Anand et al. (2022) compiled 150+ articles covering the topics of office romance, employee romance, and sexual relationships in the workplace between 1974 and 2022.
In other words, the authors covered substantial research to give readers an accurate overview of different perspectives on office romance and its negative and positive outcomes in the past 5 decades.
As workplace relationships are becoming increasingly common and difficult to address, Anand and colleagues (2022) designed the CUPID framework, a tool which could possibly help HR managers improve their approach to solving office romance-related issues.
The framework may also help HR managers and business owners design policies which can protect organizations from negative outcomes of office romance while respecting employees' personal freedom to engage in workplace relationships.
What is workplace romance?
Based on descriptions given by fellow researchers, Anand et al. (2022) describe workplace romance as a relationship whereby two co-workers have a mutual attraction and engage in romantic meetings, in the forms of intimate relationships and dating for example.
Most of us can agree on the primary function of an office: a place where teams, often led and structured through hierarchies work towards achieving a common goal set by the company they work for.
However, nowadays, in offices (whether SMEs or large corporations and regardless of the company type), co-workers interact on a daily basis and develop relationships, sometimes intimate.
The reality is, workplace romances are now relatively common in organisations, and have an impact on them, sometimes positive, sometimes negative. That being said, scholars in this field of research tend to have found more negative impacts than positive impacts on workplace romances.
Positive outcomes of workplace relationships
Beneficial effects on employee performance
As previously stated, researchers have found office romance to be beneficial to both employees and organisations, in some instances.
Previous literature has found office romances lead employees to be more satisfied, concentrated and productive in their work.
Among the other benefits of romantic relationships in the office:
How office romance can negatively impact employees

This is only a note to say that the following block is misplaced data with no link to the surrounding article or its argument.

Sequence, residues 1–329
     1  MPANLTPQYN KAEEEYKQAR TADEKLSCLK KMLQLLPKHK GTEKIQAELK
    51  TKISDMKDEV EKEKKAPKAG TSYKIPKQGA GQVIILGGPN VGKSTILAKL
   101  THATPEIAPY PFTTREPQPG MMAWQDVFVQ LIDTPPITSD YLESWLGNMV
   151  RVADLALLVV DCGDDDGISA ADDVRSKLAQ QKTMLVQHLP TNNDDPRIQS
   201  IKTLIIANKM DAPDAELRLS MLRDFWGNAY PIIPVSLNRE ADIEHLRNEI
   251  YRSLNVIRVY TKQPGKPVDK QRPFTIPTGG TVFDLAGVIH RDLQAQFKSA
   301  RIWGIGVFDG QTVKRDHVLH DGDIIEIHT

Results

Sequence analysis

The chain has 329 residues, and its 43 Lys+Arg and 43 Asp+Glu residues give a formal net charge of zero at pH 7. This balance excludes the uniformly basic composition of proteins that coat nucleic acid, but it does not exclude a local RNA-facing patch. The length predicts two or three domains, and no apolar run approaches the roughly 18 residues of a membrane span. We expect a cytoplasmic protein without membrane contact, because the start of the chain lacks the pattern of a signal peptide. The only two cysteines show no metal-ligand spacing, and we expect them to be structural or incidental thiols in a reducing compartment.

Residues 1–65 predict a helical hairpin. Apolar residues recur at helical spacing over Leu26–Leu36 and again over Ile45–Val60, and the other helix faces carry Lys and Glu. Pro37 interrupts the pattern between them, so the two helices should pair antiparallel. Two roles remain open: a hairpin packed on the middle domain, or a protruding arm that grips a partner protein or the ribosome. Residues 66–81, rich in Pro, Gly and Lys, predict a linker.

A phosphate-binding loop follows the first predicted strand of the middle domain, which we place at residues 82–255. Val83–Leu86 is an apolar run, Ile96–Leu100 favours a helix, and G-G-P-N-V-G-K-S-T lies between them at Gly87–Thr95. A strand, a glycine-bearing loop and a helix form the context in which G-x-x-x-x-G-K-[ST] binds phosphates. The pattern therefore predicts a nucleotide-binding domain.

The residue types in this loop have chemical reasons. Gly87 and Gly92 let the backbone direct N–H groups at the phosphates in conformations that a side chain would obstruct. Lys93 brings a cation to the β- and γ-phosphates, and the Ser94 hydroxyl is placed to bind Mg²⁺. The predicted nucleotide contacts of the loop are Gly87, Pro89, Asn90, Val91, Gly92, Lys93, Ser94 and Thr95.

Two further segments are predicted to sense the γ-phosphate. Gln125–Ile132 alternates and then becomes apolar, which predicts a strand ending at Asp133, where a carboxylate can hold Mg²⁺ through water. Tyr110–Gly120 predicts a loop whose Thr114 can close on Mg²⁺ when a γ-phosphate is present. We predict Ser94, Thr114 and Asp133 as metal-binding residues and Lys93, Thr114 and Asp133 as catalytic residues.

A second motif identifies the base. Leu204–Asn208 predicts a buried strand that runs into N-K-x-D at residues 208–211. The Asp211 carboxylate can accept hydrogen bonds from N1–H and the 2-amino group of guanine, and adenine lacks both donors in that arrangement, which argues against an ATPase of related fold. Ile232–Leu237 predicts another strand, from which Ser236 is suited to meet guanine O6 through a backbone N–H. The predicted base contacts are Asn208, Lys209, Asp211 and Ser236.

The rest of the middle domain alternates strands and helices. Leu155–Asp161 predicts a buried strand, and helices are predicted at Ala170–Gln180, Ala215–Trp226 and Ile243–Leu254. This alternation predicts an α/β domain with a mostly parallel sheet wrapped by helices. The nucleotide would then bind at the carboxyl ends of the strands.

On the other hand, workplace romance can contribute to unfairness and increase conflicts of interest within work groups. This can especially apply in hierarchical workplace relationships where other employees are inclined to think decisions concerning the subordinate may get preferential treatment.
Further research has found that workplace relationships between individuals from different hierarchies may increase distrust, envy and suspicion levels. Criticism, jealousy, and hostility from coworkers are also cited as experienced by co-workers engaging in hierarchical relationships.
In sum, workplace relationships may lead to:
Decrease psychological well-being
Increased physical strain
Work turnover intentions
How office romance can negatively impact companies
Depending on whether workplace relationships are horizontal (between an employee and a boss) or lateral (between two co-workers), relationships ending badly may be difficult to manage.
Indeed, in addition to these affecting professional relationships and employee morale, some workplace relationships may lead to scandals, and sexual harassment claims and damage the company’s image, leading shareholders to take action, stock values to plunge and legal action to be taken by employees.
Perceptions of workplace romance by gender
Women appear to find office romances disadvantageous compared to men
Men are more likely to engage in workplace romance to fulfil their ego-related needs
Women are more likely to engage in romantic relationships in the workplace to advance their careers compared to men
Men display a more favourable attitude and more incentive toward engaging in office relationships compared to women